This data set provides three data files in text format (.txt). One file contains monthly biomass measurements and Net Primary Productivity (NPP) estimates made between April 1984 and July 1990 on a semi-natural tropical monsoon grassland in southern Thailand. The second file contains a year-long record of monthly biomass measurements and NPP estimates made on a portion of the same grassland that was accidentally burned in January 1985. The third file contains monthly and annual climate data for the study site for the period 1973-1989.
Two accidental fires occurred during the course of the study; the one in January 1985 burnt 40% of the study area and the other in February 1986 burnt most of the site. During 1985, sampling occurred simultaneously on unburned primary and burned secondary portions of the grassland; afterwards sampling continued on the primary site. Measurements of above- and below-ground live and dead biomass were made on the 15th day of each month.
NPP estimates were calculated from changes in biomass and decomposition rates in unburned areas from 1984 through 1986. From April 1984 to April 1985, NPP was 2,036 g/m2/yr, with below-ground organs contributing 23% of this total. Production in the unburned area in 1985 was substantially lower (1,677 g/m2/yr) which coincided with a 35% decrease in mean leaf area index. NPP in the 1985 burned area was only slightly lower (1,524 g/m2/yr); however, NPP was substantially lower after the second fire in 1986 (134 g/m2/yr).
Revision Notes: Only the documentation for this data set has been modified. The data files have been checked for accuracy and are identical to those originally published in 1996.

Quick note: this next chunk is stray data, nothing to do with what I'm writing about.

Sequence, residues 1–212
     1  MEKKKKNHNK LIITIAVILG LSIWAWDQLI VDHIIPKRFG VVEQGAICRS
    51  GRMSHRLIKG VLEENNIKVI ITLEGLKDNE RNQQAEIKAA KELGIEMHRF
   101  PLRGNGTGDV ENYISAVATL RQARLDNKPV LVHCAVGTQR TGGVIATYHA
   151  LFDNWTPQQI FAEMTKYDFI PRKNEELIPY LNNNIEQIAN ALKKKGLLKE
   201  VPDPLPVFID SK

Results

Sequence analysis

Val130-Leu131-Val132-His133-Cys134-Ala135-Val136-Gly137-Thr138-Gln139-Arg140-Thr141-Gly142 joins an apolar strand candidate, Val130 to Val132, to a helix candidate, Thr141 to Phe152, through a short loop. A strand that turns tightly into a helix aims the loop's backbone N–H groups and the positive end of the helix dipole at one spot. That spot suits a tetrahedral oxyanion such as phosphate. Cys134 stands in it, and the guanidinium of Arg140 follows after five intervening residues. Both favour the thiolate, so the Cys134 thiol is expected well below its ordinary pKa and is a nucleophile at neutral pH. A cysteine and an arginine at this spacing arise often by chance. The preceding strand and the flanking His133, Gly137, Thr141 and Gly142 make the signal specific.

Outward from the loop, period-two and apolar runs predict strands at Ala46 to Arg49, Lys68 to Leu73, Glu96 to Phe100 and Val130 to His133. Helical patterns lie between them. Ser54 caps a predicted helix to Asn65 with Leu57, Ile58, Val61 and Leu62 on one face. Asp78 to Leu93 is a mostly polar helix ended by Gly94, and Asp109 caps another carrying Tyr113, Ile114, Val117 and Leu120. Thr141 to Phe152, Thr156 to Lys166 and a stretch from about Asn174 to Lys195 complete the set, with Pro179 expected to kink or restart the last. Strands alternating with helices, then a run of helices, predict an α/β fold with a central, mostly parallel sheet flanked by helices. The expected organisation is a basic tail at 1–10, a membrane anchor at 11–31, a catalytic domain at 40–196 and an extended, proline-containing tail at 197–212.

Figure 1. Initial study site surveying at the Klong Hoi Khong grassland site, Thailand. (Graduate students from Prince of Songkla University, Hat Yai, are marking out quadrat sampling blocks. Photograph taken April 1984 by Dr. J.M.O. Scurlock, ORNL).
The NPP data collection contains field measurements of biomass, estimated NPP, and climate data for terrestrial grassland, tropical forest, temperate forest, boreal forest, and tundra sites worldwide. Data were compiled from the published literature for intensively studied and well-documented individual field sites and from a number of previously compiled multi-site, multi-biome data sets of georeferenced NPP estimates. The principal compilation effort (Olson et al., 2001) was sponsored by the NASA Terrestrial Ecology Program. For more information, please visit the NPP web site at http://daac.ornl.gov/NPP/npp_home.shtml.
Cite this data set as follows:
Kamnalrut, A. 2015. NPP Grassland: Klong Hoi Khong, Thailand, 1984-1990, R1. Data set. Available on-line [http://daac.ornl.gov] from Oak Ridge National Laboratory Distributed Active Archive Center, Oak Ridge, Tennessee, USA. http://dx.doi.org/10.3334/ORNLDAAC/147
This data set was originally published as:
Kamnalrut, A. 1996. NPP Grassland: Klong Hoi Khong, Thailand, 1984-1990. Data set. Available on-line [http://daac.ornl.gov] from Oak Ridge National Laboratory Distributed Active Archive Center, Oak Ridge, Tennessee, U.S.A.
Project: Net Primary Productivity (NPP)
This work was carried out under the United Nations Environment Programme (UNEP) project on "Primary Productivity and Photosynthesis of Semi-Natural Ecosystems of the Tropics and Sub-tropics." The study commenced in 1984, and forms part of an ongoing project through support from UNEP and many other sources. Five sites were chosen for the project: a dry savanna in Nairobi National Park, Kenya; a monsoon savanna in the Klong Hoi Khong field site, Thailand; a saline grassland in the Montecillo field site, Mexico; a floodplain grassland on the island of Marchantaria (near Manaus), Brazil; and a bamboo stand in Miao Shan, China. Prior to this study, information on production, photosynthesis and carbon flow of grasslands (the world's largest terrestrial biome) was sparse in comparison to that for other biomes. Furthermore, research on temperate grasslands suggested that previous methods used [i.e., maximum-minimum method for shoots only or standard methods of the International Biological Programme (IBP)] underestimate production in tropical grasslands. New developments and advances in field and remote sensing methodologies not available to earlier IBP studies were identified by the UNEP project and a uniform approach was adopted, and tailored to the demographic characteristics of each site where necessary, for the UNEP study.